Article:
The Radicalism of the Consumption Tax
Defenders of the income tax (as presently defined) like it because it taxes more. Under the conventional account, after-tax income under the income tax is wl(1-t)(1+r(1-t)), which is less than after-tax value wl(1+r)(1-t) under a consumption tax because an additional 1-t term is applied to the interest rate, r, under the income tax.
But after-tax income is lower under the income tax only because, under the conventional account, labor income is taxed once before it is invested, and that happens only because the conventional account assumes that a financial investor’s source of income is labor.
For the rentier, the situation is reversed. We have already seen that the rentier subject to an income tax ends up with p(1+r(1-t)) in after-tax income whereas the rentier subject to a consumption tax ends up with p(1+r)(1-t). In the latter expression, the 1-t is outside of the parentheses—reducing the entire magnitude contained in the parentheses—and so after-tax income is lower than in the case of the income tax. That is because the rentier pays tax on his financial capital, not just his returns.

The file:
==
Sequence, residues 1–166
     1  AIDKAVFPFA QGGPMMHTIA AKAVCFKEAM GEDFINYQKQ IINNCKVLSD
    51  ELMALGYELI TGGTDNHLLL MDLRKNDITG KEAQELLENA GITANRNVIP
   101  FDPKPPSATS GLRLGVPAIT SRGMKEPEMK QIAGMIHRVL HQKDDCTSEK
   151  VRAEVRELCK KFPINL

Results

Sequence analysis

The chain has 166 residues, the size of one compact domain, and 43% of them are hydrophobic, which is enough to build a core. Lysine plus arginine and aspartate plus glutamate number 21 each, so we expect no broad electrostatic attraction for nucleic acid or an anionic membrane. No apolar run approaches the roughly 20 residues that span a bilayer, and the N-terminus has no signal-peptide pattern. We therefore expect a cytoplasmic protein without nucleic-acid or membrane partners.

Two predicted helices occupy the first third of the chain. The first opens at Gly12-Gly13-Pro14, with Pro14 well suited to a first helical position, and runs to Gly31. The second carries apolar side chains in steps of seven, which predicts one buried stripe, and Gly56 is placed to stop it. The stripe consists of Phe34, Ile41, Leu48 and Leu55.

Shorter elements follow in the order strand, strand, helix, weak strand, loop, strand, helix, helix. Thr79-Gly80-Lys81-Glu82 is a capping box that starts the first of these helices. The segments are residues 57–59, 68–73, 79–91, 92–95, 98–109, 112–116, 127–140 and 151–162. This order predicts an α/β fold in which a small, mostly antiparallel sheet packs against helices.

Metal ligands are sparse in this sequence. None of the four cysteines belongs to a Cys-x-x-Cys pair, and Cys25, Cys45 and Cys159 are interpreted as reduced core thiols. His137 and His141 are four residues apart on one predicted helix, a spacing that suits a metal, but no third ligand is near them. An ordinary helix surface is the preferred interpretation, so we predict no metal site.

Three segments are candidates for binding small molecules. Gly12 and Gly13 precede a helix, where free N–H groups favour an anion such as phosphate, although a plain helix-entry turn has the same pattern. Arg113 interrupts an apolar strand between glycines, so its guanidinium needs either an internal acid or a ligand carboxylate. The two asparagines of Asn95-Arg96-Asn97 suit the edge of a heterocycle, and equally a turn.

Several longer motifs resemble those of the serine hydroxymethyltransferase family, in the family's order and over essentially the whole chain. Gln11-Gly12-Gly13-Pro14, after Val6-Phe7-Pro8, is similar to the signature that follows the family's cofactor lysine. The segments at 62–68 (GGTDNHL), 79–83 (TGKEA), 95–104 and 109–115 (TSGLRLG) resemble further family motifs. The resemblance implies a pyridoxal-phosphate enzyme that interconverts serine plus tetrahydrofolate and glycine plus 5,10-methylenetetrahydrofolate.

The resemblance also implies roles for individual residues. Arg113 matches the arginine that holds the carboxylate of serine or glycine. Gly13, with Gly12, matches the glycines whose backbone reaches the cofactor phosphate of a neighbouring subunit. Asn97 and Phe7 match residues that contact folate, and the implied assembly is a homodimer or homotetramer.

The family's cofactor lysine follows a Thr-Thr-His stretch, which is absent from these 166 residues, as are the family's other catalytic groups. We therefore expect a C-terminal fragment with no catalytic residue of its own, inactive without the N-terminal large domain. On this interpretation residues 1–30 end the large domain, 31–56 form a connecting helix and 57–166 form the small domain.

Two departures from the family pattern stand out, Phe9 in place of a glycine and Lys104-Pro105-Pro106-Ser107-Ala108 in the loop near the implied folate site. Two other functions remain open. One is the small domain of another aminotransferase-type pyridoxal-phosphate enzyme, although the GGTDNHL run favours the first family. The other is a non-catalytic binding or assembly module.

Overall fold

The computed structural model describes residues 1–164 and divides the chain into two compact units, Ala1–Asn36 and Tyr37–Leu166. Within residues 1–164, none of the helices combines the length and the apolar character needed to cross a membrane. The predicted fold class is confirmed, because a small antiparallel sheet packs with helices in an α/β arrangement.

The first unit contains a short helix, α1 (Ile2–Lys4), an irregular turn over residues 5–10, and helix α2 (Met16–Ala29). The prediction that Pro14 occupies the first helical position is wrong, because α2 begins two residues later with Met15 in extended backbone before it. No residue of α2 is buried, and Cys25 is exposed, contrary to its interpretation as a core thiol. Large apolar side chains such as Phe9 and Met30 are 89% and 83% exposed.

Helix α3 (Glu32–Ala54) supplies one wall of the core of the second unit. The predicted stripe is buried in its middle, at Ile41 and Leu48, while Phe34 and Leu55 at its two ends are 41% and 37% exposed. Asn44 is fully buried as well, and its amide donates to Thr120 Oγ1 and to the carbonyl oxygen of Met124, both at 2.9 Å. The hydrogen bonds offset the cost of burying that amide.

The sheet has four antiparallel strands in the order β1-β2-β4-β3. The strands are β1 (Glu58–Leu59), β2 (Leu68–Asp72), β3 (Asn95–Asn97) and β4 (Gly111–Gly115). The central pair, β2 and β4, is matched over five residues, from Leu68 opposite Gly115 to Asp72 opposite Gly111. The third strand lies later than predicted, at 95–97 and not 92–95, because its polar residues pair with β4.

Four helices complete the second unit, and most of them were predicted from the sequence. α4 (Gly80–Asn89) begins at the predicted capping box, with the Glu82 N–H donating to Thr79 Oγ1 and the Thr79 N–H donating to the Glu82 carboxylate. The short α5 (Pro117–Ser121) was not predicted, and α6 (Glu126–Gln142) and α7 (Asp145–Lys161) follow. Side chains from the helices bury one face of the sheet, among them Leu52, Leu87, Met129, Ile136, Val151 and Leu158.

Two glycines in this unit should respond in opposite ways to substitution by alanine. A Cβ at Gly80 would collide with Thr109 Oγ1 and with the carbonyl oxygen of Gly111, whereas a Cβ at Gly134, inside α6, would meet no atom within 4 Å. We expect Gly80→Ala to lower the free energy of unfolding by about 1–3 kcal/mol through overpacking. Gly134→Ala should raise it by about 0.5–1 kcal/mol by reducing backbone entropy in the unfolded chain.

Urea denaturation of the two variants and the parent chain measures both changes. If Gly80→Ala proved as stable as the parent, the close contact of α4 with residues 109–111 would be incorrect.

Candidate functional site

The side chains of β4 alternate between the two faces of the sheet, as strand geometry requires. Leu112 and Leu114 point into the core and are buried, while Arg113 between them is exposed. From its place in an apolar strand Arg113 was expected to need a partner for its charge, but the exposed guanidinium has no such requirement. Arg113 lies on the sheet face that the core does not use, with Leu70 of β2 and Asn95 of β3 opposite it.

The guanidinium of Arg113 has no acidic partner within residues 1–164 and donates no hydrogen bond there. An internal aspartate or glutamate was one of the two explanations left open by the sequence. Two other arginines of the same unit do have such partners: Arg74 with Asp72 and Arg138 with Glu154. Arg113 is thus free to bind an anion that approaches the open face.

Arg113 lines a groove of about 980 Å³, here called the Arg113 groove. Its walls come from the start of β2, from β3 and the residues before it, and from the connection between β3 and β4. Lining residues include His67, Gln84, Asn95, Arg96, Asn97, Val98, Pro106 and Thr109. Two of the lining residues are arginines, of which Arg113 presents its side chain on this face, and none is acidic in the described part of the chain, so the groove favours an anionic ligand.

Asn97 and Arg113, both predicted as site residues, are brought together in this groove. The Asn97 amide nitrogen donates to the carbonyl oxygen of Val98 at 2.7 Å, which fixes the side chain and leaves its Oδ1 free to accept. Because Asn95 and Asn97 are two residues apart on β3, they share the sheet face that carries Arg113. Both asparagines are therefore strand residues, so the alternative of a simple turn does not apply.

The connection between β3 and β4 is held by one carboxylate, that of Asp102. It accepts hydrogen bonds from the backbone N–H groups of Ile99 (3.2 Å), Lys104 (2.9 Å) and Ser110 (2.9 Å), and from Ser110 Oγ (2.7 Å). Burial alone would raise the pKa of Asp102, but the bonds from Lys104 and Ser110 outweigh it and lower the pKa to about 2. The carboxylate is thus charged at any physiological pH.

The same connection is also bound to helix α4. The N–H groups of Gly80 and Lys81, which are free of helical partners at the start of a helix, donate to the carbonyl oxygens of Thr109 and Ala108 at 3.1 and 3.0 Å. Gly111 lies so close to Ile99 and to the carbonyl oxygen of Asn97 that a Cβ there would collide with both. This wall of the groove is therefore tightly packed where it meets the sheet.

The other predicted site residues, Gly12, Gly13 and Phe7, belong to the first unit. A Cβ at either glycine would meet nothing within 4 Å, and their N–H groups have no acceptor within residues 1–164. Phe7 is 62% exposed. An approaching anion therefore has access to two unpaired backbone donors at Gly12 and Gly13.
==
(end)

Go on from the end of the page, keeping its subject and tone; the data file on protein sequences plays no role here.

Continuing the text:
Because the consumption tax is a wealth tax; it is more radical than the income tax.
The truly rich, who do not work but live off of their financial assets, do worse under a consumption tax than under an income tax.
It is only the worker, who scrapes together savings to invest in financial markets, who ends up being taxed more heavily under the income tax than under the consumption tax.
That same math teacher who taught me to question asymmetries also liked to call out students who weren’t paying attention in class. “Are you an angry young man?”, he would ask.
But I would like to tax the rentier’s capital.
Worker income invested (conventional account)
Worker value (transferable labor)